Joachim Raff was an autodidact. Having grown up in Switzerland, he first tried his hand with moderate success in numerous places as a composer of salon pieces. Franz Liszt became aware of the young man's talents and hired him as a kind of private secretary. In Weimar Raff orchestrated some of Liszt's early symphonic poems and gained his appreciation. This first recording by the Leipzig String Quartet shows that this was no accident. Raff's first two quartets are large-format works which reveal great ambitions. By the time Raff composed his first quartet in 1855, he was already beginning to emancipate himself from Liszt and the narrow circle of his friends. The "Neudeutsche Verein" had just been founded when Raff left him for Wiesbaden, in financially uncertain circumstances but artistic independence. And indeed, Raff's music cannot be pigeonholed either in the "New German" or the "Brahmsian" category - perhaps the reason why he was admired by such diverse colleagues as Richard Strauss, Peter Tchaikovsky or even Franz Liszt. His first quartet op. 77 was premiered by the famous Hellmesberger Quartet, who had already offered the podium to Franz Schubert and the late Beethoven. The second quartet op. 90 was also quickly adopted by the Viennese. The turning away from a harmonically fixed formal scheme is a trend-setting move; chromaticism and free harmony gain the upper hand over schoolmasterly counterpoint. Self-marketing was not Raff's thing. Rather prim in his private life, he rarely performed publicly, though he was an excellent pianist. He also gave his work away rather than negotiate reasonable fees. As founding director of the Hoch'sche Conservatory in Frankfurt he nevertheless enjoyed great recognition among his contemporaries. To rekindle this in our time, the new recording of the Leipzig String Quartet is a highly welcome beginning.
Joachim Raff was an autodidact. Having grown up in Switzerland, he first tried his hand with moderate success in numerous places as a composer of salon pieces. Franz Liszt became aware of the young man's talents and hired him as a kind of private secretary. In Weimar Raff orchestrated some of Liszt's early symphonic poems and gained his appreciation. This first recording by the Leipzig String Quartet shows that this was no accident. Raff's first two quartets are large-format works which reveal great ambitions. By the time Raff composed his first quartet in 1855, he was already beginning to emancipate himself from Liszt and the narrow circle of his friends. The "Neudeutsche Verein" had just been founded when Raff left him for Wiesbaden, in financially uncertain circumstances but artistic independence. And indeed, Raff's music cannot be pigeonholed either in the "New German" or the "Brahmsian" category - perhaps the reason why he was admired by such diverse colleagues as Richard Strauss, Peter Tchaikovsky or even Franz Liszt. His first quartet op. 77 was premiered by the famous Hellmesberger Quartet, who had already offered the podium to Franz Schubert and the late Beethoven. The second quartet op. 90 was also quickly adopted by the Viennese. The turning away from a harmonically fixed formal scheme is a trend-setting move; chromaticism and free harmony gain the upper hand over schoolmasterly counterpoint. Self-marketing was not Raff's thing. Rather prim in his private life, he rarely performed publicly, though he was an excellent pianist. He also gave his work away rather than negotiate reasonable fees. As founding director of the Hoch'sche Conservatory in Frankfurt he nevertheless enjoyed great recognition among his contemporaries. To rekindle this in our time, the new recording of the Leipzig String Quartet is a highly welcome beginning.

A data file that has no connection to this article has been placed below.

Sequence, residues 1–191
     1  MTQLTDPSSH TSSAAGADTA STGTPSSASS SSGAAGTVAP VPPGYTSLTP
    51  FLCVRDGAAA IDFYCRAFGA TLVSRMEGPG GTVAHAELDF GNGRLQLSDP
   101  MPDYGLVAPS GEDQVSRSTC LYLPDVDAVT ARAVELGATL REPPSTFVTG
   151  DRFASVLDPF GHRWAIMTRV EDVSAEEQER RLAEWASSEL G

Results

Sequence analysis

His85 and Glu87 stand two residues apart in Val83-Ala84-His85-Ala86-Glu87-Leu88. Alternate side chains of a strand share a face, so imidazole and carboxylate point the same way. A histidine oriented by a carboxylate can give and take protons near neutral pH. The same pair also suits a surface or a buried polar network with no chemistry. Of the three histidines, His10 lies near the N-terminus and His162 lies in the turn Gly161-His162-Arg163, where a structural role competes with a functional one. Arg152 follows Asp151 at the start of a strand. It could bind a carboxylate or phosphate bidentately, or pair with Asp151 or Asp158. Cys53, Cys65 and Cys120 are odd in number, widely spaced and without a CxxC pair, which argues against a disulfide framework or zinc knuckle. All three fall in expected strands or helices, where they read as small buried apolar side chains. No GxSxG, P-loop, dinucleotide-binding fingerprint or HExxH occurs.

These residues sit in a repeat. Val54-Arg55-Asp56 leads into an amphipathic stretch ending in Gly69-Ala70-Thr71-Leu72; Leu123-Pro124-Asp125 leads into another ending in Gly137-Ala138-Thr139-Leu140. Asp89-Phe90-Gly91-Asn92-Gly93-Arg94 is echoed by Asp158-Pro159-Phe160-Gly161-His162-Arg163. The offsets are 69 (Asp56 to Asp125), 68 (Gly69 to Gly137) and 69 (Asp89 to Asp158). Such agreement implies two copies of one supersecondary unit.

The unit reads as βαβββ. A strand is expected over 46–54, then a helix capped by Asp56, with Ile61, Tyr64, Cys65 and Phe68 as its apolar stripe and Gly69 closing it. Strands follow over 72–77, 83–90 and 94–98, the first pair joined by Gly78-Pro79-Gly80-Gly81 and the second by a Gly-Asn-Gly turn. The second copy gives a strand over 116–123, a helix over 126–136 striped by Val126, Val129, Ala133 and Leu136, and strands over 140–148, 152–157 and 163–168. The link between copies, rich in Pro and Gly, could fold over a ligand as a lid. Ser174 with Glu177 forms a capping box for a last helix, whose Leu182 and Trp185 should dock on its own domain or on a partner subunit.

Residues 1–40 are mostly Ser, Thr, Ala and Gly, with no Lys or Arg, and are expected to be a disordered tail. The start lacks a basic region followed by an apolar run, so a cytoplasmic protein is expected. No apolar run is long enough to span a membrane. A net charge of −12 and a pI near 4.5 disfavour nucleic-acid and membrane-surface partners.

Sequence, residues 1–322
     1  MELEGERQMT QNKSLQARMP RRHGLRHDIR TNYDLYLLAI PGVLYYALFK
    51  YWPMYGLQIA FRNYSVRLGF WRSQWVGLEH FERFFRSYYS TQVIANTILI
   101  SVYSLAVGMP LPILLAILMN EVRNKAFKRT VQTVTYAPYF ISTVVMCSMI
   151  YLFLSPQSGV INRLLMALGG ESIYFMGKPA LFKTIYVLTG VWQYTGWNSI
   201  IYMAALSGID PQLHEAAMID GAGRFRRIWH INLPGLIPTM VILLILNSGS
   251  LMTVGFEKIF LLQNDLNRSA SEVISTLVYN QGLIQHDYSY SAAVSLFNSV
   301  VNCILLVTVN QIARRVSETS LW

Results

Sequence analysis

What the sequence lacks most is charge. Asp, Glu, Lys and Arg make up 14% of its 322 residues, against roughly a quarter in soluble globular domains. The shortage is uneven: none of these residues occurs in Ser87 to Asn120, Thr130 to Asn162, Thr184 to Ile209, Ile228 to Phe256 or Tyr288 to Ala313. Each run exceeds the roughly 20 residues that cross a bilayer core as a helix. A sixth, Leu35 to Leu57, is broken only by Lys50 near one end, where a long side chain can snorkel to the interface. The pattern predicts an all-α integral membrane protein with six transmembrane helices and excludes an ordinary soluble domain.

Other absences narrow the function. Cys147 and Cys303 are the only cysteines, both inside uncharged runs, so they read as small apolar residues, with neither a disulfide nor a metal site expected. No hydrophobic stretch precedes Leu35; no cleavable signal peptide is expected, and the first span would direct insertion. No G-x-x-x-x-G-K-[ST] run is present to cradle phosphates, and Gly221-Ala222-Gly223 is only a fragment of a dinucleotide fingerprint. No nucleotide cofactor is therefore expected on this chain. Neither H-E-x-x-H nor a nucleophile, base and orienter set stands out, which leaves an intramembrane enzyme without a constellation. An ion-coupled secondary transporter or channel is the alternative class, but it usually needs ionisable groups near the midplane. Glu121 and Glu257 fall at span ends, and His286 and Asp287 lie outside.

760623218724

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Format: CD
Label: MDGE
Rel. Date: 01/15/2021
UPC: 760623218724

Chamber Music 1
Artist: Raff
Format: CD
New: In Stock $18.99
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Joachim Raff was an autodidact. Having grown up in Switzerland, he first tried his hand with moderate success in numerous places as a composer of salon pieces. Franz Liszt became aware of the young man's talents and hired him as a kind of private secretary. In Weimar Raff orchestrated some of Liszt's early symphonic poems and gained his appreciation. This first recording by the Leipzig String Quartet shows that this was no accident. Raff's first two quartets are large-format works which reveal great ambitions. By the time Raff composed his first quartet in 1855, he was already beginning to emancipate himself from Liszt and the narrow circle of his friends. The "Neudeutsche Verein" had just been founded when Raff left him for Wiesbaden, in financially uncertain circumstances but artistic independence. And indeed, Raff's music cannot be pigeonholed either in the "New German" or the "Brahmsian" category - perhaps the reason why he was admired by such diverse colleagues as Richard Strauss, Peter Tchaikovsky or even Franz Liszt. His first quartet op. 77 was premiered by the famous Hellmesberger Quartet, who had already offered the podium to Franz Schubert and the late Beethoven. The second quartet op. 90 was also quickly adopted by the Viennese. The turning away from a harmonically fixed formal scheme is a trend-setting move; chromaticism and free harmony gain the upper hand over schoolmasterly counterpoint. Self-marketing was not Raff's thing. Rather prim in his private life, he rarely performed publicly, though he was an excellent pianist. He also gave his work away rather than negotiate reasonable fees. As founding director of the Hoch'sche Conservatory in Frankfurt he nevertheless enjoyed great recognition among his contemporaries. To rekindle this in our time, the new recording of the Leipzig String Quartet is a highly welcome beginning.